Siena noted that "the median number of prior lines of standard therapies was four, ranging from two to 11." All patients had previously received irinotecan and oxaliplatin, and 20.5% had received an anti-HER2 drug.
At the data cutoff on August 9, 2019, 38.5% of patients remained on treatment. The reason for discontinuation was progressive disease in 41%, and clinical progression in 9%.
Siena reported that the overall response rate, as confirmed by independent central review, was 45.3% in cohort A, with all but one of the 24 responders having a partial response. No responses were recorded in cohorts B and C.
Stable disease was seen in 37.7% of cohort A patients, giving a disease control rate of 83%. The median duration of response was not reached.
Median PFS was 6.9 months in cohort A, and the medial overall survival was not reached.
In terms of safety, 50.9% of patients in cohort A and 48.7% patients overall experienced drug-related treatment emergent adverse events, with 22.6% and 17.9%, respectively, having serious drug-related events.
The most common treatment-emergent adverse events were nausea, anemia, reduced neutrophil count, fatigue, and decreased appetite.
There were two deaths related to the study drug, as determined by investigator assessment: one from pneumonitis and one as a result of ILD, with both occurring in cohort A.
Looking specifically at ILD, Siena said there were five events — two grade 2, one grade 3, and two grade 5 — at a median time to reported onset of 80 days. All patients received corticosteroids, as per the study protocol, and two recovered.
Study discussant Lee commented that biomarker testing, such as for HER2, "is part of our standard of care for colorectal cancer," although studies such as the current one are providing new data to "better refine" treatment approaches.
Lee said that, overall, T-DXd had a response rate and PFS survival "that looked similar to prior data from previous single arm phase 2 studies," with response rates generally ranging from 30% to 50%, "and this compares favorably with other standard of care options" for chemotherapy refractory patients.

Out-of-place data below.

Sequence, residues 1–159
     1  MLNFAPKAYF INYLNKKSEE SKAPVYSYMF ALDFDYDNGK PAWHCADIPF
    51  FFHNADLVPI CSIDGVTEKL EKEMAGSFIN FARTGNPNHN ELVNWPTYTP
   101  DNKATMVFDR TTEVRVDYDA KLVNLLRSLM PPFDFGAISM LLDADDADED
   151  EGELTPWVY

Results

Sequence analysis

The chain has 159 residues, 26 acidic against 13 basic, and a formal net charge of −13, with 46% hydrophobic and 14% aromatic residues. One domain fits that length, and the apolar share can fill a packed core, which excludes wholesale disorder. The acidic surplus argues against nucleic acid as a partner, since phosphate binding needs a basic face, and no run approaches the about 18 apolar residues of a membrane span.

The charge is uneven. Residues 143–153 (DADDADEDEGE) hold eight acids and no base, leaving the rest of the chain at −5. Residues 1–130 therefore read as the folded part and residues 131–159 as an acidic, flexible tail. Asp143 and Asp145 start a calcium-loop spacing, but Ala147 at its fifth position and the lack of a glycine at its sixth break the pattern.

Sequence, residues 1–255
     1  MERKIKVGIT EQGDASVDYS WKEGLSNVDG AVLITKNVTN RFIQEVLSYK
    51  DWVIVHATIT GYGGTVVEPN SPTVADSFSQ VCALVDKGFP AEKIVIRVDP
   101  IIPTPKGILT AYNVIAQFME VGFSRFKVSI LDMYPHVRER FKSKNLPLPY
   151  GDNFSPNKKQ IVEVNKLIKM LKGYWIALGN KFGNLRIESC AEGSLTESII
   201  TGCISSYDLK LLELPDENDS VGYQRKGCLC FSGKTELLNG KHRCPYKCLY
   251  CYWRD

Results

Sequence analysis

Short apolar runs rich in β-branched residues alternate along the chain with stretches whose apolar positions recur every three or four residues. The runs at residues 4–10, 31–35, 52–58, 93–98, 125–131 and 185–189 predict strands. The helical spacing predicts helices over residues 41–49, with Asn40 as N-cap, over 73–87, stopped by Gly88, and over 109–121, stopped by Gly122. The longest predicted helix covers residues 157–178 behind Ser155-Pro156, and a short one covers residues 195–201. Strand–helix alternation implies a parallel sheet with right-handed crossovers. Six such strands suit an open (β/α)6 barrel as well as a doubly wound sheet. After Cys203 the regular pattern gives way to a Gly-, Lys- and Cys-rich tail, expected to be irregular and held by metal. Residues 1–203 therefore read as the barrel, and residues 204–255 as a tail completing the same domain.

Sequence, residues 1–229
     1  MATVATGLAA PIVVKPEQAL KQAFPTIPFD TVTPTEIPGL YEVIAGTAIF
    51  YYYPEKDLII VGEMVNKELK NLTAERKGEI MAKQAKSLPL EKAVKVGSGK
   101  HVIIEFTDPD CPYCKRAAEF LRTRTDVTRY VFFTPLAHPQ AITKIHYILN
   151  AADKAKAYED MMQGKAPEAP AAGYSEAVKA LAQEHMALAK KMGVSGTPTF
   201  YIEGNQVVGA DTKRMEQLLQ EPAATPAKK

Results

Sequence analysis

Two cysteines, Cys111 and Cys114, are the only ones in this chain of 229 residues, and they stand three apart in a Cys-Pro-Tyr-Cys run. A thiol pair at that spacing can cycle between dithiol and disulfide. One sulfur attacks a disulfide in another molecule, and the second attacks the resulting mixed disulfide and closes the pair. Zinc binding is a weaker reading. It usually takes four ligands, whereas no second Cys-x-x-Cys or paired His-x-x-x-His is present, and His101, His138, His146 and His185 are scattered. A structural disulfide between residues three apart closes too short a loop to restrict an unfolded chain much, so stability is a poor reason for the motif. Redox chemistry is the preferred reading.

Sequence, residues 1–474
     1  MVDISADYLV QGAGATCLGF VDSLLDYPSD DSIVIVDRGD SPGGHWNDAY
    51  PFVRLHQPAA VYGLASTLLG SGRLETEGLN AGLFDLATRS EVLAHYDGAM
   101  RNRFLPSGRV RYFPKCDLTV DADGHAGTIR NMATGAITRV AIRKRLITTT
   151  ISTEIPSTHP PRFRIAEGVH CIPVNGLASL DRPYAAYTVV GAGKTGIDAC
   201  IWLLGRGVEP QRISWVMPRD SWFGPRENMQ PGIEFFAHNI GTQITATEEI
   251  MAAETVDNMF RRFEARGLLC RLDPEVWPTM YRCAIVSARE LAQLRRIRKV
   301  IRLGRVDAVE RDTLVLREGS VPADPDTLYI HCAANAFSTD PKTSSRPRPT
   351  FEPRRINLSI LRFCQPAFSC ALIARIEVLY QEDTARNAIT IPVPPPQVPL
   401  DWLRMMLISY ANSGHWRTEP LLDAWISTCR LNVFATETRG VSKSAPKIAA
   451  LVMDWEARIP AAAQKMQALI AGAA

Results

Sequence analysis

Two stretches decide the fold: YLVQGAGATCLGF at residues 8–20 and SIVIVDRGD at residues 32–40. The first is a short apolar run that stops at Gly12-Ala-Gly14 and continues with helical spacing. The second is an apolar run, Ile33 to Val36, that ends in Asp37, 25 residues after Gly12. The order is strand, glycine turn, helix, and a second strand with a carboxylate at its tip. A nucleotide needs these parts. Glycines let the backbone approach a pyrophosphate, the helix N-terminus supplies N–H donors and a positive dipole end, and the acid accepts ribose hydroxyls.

Nevertheless, there are several ongoing questions related to the treatment of HER2 amplified metastatic CRC patients, some of which are being addressed in the ongoing SWOG S1613 study.
Lee said that, for now, he would recommend that patients with HER2 amplification enroll in a clinical trial, if possible. "However, if that's not feasible, there are a range of options to consider," including trastuzumab plus lapatinib (Tykerb, Novartis), or trastuzumab plus pertuzumab (Perjeta, Roche).
However, "none of these options are FDA-approved so there will be issues potentially with financial toxicity and other regulatory issues," he said.
The study was funded by Daiichi Sankyo Co, Ltd.
Siena reports stock and other ownership interests with Guardant Health and Myriad Genetics; a consulting or advisory role with Amgen, Bayer, Bristol-Myers Squibb, CheckmAb, Clovis Oncology, Daiichi Sankyo, Incyte, Merck, Novartis, Roche/Genentech, Seattle Genetics; research funding from MSD Oncology (Inst); patents, royalties, and other intellectual property from Amgen; and travel, accommodations, expenses from Amgen, Bayer, and Roche. Other coauthors report potential conflicts of interest. The full list can be found with the original article.
Lee reports: Research Funding - Amgen (Inst); Bristol-Myers Squibb (Inst); EMD Serono (Inst); Exelixis (Inst); Genentech/Roche (Inst); Pfizer (Inst); Travel, Accommodations, Expenses - Genentech/Roche.
McRee reports honoraria from Cor2Ed and Onc Live; research funding from AstraZeneca (Inst), BioMed Valley Discoveries (Inst), Boston Biomedical (Inst), Inovio Pharmaceuticals (Inst), Merck (Inst), Novartis (Inst), Rgenix (Inst), and Takeda (Inst); and travel, accommodations, expenses from Cor2Ed.
American Society of Clinical Oncology 2020 Virtual Scientific Program: Abstract 4000.
For more from Medscape Oncology, follow us on Twitter: @MedscapeOnc
Medscape Medical News © 2020
Cite this: Need HER2+ Testing in CRC; Trastuzumab Deruxtecan Shows Benefit - Medscape - Jun 01, 2020.